Kurt RosenwinkelStar of JupiterWommusic2012How time flies. While he's been busy with a number of other projects--his collaboration with the Portuguese Orchestra de Jazz de Mataosinhos on the ambitious Our Secret World (Wommusic, 2010) and the intimate, standards-laden Reflections (Wommusic, 2009)--it's been four years since guitarist Kurt Rosenwinkel last released a small group record focusing largely on new original music. 2008's The Remedy (Wommusic) was an exhilarating live recording from New York City's The Village Vanguard, and if his subsequent releases have been as exceptional as they've ever been from one of the ...read more
Kurt RosenwinkelMonvínic42nd Barcelona Voll-Damm International Jazz FestivalNovember 15, 2010The Berlin based guitarist and composer Kurt Rosenwinkel spent two days performing in Barcelona this week in two markedly different contexts. His loyal fans turned out en mass at the famed Luz de Gas, an intimate club in the Eixample neighborhood, to hear his trio, resulting in an illuminating set of standards featuring drummer Ted Poor and bassist Eric Revis (look for more information in our ongoing festival coverage).The next night he was equally at home inside the Mecca of Wine, Monvínic, which The Wall ...read more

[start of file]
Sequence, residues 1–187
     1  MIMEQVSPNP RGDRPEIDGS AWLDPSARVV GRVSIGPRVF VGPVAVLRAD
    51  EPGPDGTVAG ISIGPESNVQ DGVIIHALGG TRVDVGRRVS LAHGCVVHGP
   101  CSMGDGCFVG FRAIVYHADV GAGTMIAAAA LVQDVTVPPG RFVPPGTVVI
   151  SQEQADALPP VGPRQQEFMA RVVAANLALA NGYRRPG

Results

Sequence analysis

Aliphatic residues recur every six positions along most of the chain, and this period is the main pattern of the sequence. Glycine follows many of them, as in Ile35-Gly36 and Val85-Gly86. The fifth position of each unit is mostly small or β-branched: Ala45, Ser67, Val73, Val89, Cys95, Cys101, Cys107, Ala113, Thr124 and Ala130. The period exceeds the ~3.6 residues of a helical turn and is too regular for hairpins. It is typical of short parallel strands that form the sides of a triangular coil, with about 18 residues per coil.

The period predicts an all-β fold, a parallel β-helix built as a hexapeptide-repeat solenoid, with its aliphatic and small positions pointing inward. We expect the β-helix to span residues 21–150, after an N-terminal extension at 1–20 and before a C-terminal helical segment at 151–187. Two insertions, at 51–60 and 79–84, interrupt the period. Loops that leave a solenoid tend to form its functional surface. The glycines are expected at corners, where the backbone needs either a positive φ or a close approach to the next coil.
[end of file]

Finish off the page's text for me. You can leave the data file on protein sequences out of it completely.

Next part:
Kurt Rosenwinkel and OJMOur Secret WorldWommusic2010With the creative possibilities offered by its expanded palette, it's no surprise that so many artists who traditionally work in the context of more pliant, small ensembles turn to larger settings at least once in their career. For those already predisposed to greater compositional complexity, the intrinsic challenges are many; but so, too, are the ultimate rewards. It's no surprise, then, that Kurt Rosenwinkel--perhaps his generation's most influential guitarist, spawning almost as many imitators as Pat Metheny (himself, an early influence on Rosenwinkel)--has been collaborating with big ...read more